The debate over the morals of cloning humans has degenerated into farce with the claim by a religious sect that it has a cloned a baby ready to, as it were, go. While religious leaders, scientists and ethicists have argued, the Raelians say they have duplicated a human as part of their quest for "perpetual orgasms through cloning".
Jest or genuine? The truth of the matter eludes all. But it is clear the Raelians have turned cloning into a situation comedy.
The man behind such a peripatetic quest had something of a wandering career before finding his true calling as a prophet of free love, cloning and the return of aliens to Earth. Nearly three decades ago, Claude Vorilhon, a sportswriter and race car driver, stood at the top of a volcano and began a movement that now lies behind what is either a stunning scientific breakthrough or a staggering hoax.
Vorilhon, a Frenchman who calls himself Rael, claims to have held six meetings with space travellers at the volcano, after which he founded a religion based on the belief that aliens created humankind through cloning 25,000 years ago. Now, a research company with close ties to his sect, called the Raelians, says it has followed suit: cloning a baby girl called Eve from cells provided by a 31-year-old woman. Clonaid, the company, offered no proof of its success when it announced on Friday what it claims is the first human cloning. But it said independent tests backing its claims would be finished in about a week.
"You could still go back to your office and treat me as a fraud," Brigitte Boisselier, the company's director and a "Raelian bishop", told journalists when she announced the clone was about to land. "You have one week to do that."
In his book, The Message Given to Me by Extra-Terrestrials, Vorilhon writes that he was hiking in central France in 1973 when approached by an alien just over a metre high whose skin was "white with a slightly greenish tinge, a bit like someone with liver trouble". The traveller invited him back to his UFO, parked on a nearby volcano.
For the next few days Vorilhon was told the true story of the human race. Humans were created 25,000 years ago in a laboratory by advanced beings from another planet who had mastered genetics and cell biology. In between classes, Vorilhon says, he received the devoted attentions of six "voluptuous and bewitching" female robots.
The alien renamed Vorilhon as Rael and sent him back into the world to spread the word. He now lives just outside Montreal where he has built a museum called Centre UFOland, devoted to Raelian history. In his office Rael has a white double bed covered with a tiger-print throw and large, topless photographs of his young girlfriend Sophie. Uninhibited sex is an important feature of Raelianism, as is the hope of achieving everlasting life and perpetual orgasms through cloning.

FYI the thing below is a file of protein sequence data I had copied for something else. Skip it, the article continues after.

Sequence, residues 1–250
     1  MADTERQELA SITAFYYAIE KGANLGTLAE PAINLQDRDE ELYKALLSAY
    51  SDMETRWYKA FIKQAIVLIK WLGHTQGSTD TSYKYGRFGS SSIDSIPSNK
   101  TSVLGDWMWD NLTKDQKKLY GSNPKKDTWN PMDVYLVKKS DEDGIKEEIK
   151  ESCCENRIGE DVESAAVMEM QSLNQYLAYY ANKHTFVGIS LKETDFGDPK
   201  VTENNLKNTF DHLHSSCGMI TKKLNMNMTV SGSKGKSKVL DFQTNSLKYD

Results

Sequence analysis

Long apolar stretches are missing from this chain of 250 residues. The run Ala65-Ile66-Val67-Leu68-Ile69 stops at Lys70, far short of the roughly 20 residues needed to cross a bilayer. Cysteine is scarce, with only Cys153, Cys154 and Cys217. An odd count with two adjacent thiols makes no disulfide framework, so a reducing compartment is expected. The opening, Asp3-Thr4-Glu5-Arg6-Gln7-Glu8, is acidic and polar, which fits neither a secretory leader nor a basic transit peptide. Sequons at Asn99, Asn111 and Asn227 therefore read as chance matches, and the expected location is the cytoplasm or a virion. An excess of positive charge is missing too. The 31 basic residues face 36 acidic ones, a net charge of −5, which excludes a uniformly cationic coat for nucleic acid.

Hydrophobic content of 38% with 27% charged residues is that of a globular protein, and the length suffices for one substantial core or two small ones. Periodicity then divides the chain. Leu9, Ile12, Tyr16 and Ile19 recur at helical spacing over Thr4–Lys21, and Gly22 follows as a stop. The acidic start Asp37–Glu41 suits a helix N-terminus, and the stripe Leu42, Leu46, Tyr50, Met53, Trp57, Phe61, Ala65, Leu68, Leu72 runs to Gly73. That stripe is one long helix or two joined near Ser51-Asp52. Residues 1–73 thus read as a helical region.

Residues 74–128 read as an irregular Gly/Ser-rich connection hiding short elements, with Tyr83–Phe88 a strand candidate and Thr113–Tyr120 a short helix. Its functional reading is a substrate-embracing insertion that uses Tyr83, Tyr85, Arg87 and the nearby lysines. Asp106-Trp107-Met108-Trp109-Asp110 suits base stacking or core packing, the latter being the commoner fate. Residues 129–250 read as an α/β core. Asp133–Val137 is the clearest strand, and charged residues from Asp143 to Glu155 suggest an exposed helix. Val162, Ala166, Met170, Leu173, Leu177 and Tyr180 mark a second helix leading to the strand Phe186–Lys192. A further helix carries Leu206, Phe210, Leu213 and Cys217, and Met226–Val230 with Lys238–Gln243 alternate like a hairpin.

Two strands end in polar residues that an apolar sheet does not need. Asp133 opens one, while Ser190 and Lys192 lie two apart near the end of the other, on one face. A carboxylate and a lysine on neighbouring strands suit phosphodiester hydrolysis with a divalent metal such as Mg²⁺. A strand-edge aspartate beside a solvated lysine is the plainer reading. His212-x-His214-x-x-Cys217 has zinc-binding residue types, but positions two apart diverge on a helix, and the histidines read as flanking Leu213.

Rael claims to have 55,000 followers around the world, mostly in Canada and French-speaking Europe. Advances in cloning during the mid-'90s gave the Raelian cult a new motivation. Science, claimed Rael, had finally caught up with his long-ridiculed predictions. It was time to prepare for the return of the cloning aliens. Rael called on his female supporters to offer themselves as hostesses for the aliens and for him, their prophet on Earth. He wanted only good-looking women for his Order of Angels. Their tasks would range from consensual sexual gratification to offering their wombs and eggs for cloning experiments.
The sheer number of women Rael had at his disposal made him hard to ignore in the Wild West world of human cloning. One of the hardest tasks faced by scientists wanting to clone humans is finding women ready to offer their eggs and bodies for the dangerous experiments which might lead to successful cloning. The Raelians have solved this.
Rael set up a company called Clonaid, which was little more than a post-office box in the Bahamas but won enormous global attention.
Boisselier volunteered to be Rael's head scientist. She worked for a chemical gas company in France and has two doctorates in chemistry but no formal qualification in biotechnology.
She found an American couple from West Virginia ready to give her $1 million and laboratory space to clone their 10-month-old son who had died during heart surgery. The couple later pulled out, calling Boisselier a "press hog".
Boisselier, who is divorced, has since been working secretly in the Bahamas. Her 23-year-old daughter, Marina Cocolios, is one of Rael's Angels. She has said she would be ready to undergo abortions if defects were found in cloned embryos.
Given the secrecy in which the Raelians operate, it is hard to verify most of what they claim. But they say that 3000 people have signed up for Clonaid's service.